Bulgarian poll result seen to help economy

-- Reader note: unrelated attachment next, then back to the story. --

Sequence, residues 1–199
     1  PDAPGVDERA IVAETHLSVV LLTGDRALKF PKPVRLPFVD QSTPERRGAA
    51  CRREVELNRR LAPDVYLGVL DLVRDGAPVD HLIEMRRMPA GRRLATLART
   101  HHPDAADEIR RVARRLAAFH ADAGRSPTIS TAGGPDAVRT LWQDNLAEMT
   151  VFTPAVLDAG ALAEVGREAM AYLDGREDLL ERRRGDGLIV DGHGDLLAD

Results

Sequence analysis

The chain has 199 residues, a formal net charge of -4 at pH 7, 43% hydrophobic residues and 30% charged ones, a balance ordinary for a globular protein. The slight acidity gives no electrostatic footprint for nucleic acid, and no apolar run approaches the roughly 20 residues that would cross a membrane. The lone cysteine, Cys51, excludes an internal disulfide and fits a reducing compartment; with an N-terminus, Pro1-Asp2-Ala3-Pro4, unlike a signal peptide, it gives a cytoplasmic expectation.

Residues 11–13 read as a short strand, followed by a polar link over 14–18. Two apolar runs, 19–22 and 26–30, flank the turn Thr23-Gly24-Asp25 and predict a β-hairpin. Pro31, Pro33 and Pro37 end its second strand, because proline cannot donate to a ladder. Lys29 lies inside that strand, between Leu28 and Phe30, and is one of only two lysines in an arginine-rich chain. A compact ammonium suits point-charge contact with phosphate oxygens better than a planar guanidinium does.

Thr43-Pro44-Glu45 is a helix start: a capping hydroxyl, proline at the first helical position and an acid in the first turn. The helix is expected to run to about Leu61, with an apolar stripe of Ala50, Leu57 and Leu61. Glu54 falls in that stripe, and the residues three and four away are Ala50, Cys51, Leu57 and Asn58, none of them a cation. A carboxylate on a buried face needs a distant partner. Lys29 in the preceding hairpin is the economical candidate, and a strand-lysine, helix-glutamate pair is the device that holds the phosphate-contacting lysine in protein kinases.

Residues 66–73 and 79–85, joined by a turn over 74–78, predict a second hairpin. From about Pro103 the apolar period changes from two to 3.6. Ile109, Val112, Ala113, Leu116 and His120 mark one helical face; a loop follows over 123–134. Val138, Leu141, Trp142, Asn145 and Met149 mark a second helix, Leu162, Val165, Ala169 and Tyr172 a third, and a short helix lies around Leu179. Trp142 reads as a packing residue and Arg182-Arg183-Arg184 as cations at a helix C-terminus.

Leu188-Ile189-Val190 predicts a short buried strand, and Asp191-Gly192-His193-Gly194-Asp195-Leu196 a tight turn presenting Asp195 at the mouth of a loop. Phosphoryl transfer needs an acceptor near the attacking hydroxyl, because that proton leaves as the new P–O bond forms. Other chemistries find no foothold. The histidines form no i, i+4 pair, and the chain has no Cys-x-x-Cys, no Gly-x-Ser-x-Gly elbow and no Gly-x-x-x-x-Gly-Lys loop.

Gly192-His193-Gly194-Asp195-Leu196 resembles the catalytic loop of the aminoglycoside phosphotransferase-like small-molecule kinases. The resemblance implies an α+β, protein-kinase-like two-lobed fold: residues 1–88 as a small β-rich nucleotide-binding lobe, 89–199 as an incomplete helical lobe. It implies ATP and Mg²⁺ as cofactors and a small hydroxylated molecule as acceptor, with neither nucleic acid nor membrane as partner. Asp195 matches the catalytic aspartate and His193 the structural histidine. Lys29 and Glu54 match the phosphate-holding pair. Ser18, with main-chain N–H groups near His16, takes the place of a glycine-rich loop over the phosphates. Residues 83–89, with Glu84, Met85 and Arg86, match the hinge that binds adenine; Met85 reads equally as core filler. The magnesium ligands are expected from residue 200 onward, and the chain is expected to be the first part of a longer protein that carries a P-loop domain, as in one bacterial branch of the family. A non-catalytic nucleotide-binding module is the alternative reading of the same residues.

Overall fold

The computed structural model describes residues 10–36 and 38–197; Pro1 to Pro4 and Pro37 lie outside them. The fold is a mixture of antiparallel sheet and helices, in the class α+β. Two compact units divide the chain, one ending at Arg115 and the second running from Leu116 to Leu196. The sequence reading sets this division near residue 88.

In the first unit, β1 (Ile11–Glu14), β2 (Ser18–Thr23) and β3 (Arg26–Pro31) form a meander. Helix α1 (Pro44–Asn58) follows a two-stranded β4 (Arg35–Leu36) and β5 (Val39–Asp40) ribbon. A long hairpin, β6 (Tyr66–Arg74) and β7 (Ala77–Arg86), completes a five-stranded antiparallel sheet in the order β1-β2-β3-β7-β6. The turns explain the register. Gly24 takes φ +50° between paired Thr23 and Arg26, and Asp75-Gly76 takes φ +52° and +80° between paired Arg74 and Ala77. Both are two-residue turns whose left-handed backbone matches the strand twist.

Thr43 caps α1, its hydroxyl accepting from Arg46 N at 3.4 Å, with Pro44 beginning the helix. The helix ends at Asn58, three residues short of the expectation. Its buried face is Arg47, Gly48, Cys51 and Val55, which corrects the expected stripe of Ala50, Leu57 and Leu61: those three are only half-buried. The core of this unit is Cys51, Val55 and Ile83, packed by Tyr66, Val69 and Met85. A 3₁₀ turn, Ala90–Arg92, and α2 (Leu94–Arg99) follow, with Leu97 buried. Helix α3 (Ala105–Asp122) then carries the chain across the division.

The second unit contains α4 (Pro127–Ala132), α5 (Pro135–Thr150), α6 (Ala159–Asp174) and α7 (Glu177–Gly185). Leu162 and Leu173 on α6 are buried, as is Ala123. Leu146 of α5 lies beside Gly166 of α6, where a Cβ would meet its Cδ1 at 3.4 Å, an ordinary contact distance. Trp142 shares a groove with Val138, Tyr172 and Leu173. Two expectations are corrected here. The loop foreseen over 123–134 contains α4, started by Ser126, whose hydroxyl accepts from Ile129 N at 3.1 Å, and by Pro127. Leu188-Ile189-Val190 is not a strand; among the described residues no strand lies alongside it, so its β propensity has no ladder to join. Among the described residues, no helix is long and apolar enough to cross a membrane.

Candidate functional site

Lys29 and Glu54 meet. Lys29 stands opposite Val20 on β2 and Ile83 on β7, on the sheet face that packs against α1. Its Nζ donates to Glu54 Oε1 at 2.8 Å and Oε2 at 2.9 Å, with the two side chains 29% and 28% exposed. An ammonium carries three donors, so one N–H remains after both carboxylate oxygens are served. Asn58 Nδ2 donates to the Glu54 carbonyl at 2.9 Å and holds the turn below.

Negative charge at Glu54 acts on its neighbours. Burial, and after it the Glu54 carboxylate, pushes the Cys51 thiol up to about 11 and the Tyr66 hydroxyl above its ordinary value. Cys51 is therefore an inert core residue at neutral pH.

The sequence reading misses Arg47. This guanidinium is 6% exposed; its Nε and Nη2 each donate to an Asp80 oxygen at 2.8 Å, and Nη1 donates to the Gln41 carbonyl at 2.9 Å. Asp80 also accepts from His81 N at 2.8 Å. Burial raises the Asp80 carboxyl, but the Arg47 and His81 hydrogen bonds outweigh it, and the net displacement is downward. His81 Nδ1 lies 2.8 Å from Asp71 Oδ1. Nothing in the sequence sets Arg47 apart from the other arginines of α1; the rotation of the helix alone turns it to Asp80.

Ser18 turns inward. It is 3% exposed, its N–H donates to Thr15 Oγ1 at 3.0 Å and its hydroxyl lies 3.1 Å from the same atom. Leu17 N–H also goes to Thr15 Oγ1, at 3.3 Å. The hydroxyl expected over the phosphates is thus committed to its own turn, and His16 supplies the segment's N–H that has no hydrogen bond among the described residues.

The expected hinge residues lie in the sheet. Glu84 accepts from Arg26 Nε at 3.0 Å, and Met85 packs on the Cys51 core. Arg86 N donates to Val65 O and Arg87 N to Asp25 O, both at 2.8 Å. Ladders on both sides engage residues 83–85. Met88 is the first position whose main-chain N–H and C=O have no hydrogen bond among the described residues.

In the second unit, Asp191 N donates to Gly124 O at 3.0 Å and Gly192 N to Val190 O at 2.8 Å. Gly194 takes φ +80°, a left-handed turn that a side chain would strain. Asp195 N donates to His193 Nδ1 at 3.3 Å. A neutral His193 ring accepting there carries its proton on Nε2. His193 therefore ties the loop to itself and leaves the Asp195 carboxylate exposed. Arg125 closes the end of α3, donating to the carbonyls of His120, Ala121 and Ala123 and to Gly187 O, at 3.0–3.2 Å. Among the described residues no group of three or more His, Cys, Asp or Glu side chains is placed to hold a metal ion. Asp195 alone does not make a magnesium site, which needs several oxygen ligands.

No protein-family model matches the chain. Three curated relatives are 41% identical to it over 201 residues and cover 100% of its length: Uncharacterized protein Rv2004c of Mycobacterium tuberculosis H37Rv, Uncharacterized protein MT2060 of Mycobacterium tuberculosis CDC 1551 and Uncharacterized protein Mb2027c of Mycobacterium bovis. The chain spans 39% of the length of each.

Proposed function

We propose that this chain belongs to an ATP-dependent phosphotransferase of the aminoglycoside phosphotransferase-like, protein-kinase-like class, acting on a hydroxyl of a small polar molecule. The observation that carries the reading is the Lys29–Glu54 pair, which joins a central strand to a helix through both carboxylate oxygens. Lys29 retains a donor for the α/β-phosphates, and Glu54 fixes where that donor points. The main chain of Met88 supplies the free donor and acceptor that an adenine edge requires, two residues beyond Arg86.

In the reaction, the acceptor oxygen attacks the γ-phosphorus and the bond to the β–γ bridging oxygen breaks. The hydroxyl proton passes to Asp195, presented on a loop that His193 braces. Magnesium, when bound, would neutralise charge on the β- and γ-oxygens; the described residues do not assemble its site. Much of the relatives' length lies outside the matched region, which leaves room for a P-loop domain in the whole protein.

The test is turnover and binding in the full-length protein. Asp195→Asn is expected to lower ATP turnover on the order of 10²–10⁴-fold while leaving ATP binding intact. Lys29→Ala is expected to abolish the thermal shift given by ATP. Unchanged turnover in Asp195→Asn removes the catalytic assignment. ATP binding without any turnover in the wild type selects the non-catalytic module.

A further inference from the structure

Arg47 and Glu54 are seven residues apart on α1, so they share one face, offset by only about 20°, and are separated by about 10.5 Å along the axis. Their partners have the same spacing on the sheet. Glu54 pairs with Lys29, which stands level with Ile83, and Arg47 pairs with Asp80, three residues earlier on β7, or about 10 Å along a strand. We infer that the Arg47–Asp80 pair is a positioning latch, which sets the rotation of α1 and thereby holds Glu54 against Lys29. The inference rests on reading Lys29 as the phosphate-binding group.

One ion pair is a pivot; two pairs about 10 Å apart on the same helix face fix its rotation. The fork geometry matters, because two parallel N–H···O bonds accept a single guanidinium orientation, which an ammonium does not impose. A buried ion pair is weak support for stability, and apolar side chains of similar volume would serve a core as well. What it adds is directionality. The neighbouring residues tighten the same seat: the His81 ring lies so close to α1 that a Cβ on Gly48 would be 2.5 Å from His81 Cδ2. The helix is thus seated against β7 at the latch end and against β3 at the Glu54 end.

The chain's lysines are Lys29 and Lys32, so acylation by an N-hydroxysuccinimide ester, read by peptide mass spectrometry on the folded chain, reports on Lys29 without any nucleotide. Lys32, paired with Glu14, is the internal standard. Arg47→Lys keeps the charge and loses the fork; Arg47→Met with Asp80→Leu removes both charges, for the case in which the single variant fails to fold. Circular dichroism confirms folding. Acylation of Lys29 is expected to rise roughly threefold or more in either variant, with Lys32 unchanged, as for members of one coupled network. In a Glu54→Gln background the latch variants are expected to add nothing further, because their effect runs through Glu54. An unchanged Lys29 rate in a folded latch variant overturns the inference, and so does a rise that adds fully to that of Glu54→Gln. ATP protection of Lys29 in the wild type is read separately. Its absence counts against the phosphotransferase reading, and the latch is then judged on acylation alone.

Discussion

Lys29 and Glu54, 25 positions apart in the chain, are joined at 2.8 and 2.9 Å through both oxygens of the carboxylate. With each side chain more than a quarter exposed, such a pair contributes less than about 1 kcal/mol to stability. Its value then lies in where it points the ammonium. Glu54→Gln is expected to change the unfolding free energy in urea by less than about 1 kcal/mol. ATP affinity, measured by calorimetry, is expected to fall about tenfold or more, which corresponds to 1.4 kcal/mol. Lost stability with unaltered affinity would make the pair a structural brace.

SOFIA (Reuters) – Investors are viewing Bulgaria’s inconclusive weekend election with caution, but the lack of a clear majority for the winning Socialists should help preserve the country’s prudent economic path, analysts said on Sunday. Markets see the Socialists – reformed communists whose mismanagement sparked a disastrous 1996-1997 economic meltdown – as more risky for the economy than the defeated party of ex-king and current Prime Minister Simeon Saxe-Coburg. But after garnering a less-than-expected 30 percent of Saturday’s vote, the leftists are expected to seek support from the center-right, and possibly from Saxe-Coburg’s National Movement for Simeon II. That should temper their plans to hike state wages and social spending, and other potentially risky policies in favor of an approach more similar to that of Saxe-Coburg’s budget-balancing, debt-slashing government, analysts said. «If they manage to strike a coalition, they will have to go for a common denominator between the different parties, meaning no radical moves, a similar fiscal stance, and a conservative policy on foreign debt,» said Krassen Stanchev, head of the Institute for Market Economics. Investors have hailed the former king’s government as Bulgaria’s best administration since the fall of communism. It oversaw economic growth of 5.6 percent last year, slashed foreign debt to under 27 percent of GDP from 70 when it swept to power in 2001 elections, and has helped to boost Bulgaria’s sovereign debt rating to investment grade. And – mainly due to the currency board straightjacket pinning Bulgaria’s lev to the euro – it has run three years of budget surpluses for one of Europe’s tightest fiscal policies. The Socialists have pledged to aim for small budget gaps and keep the currency board in place, but analysts are not fully convinced of the party’s commitment to cautious fiscal policy. Prolonged coalition talks could also ruin Sofia’s chances of fixing its lumbering judiciary and passing other key measures before end-September, when the EU is expected to judge whether or not to allow Bulgaria to join in 2007 or postpone its entry by a year. But as long as Bulgaria’s next government keeps on with EU-prescribed reforms and protects its currency board – the country’s main pillar of economic stability – analysts said the picture is still acceptable. «Although it is a big risk if there are protracted talks, I think common sense should prevail in order for them to create some kind of coalition,» said HVB analyst Simon Quijano-Evans. «But if there is a one-year delay on EU entry, it won’t be a complete catastrophe for markets… The most important thing is continued EU reforms and keeping the stability of the currency board. It may not be as bad as it seems at first sight.»

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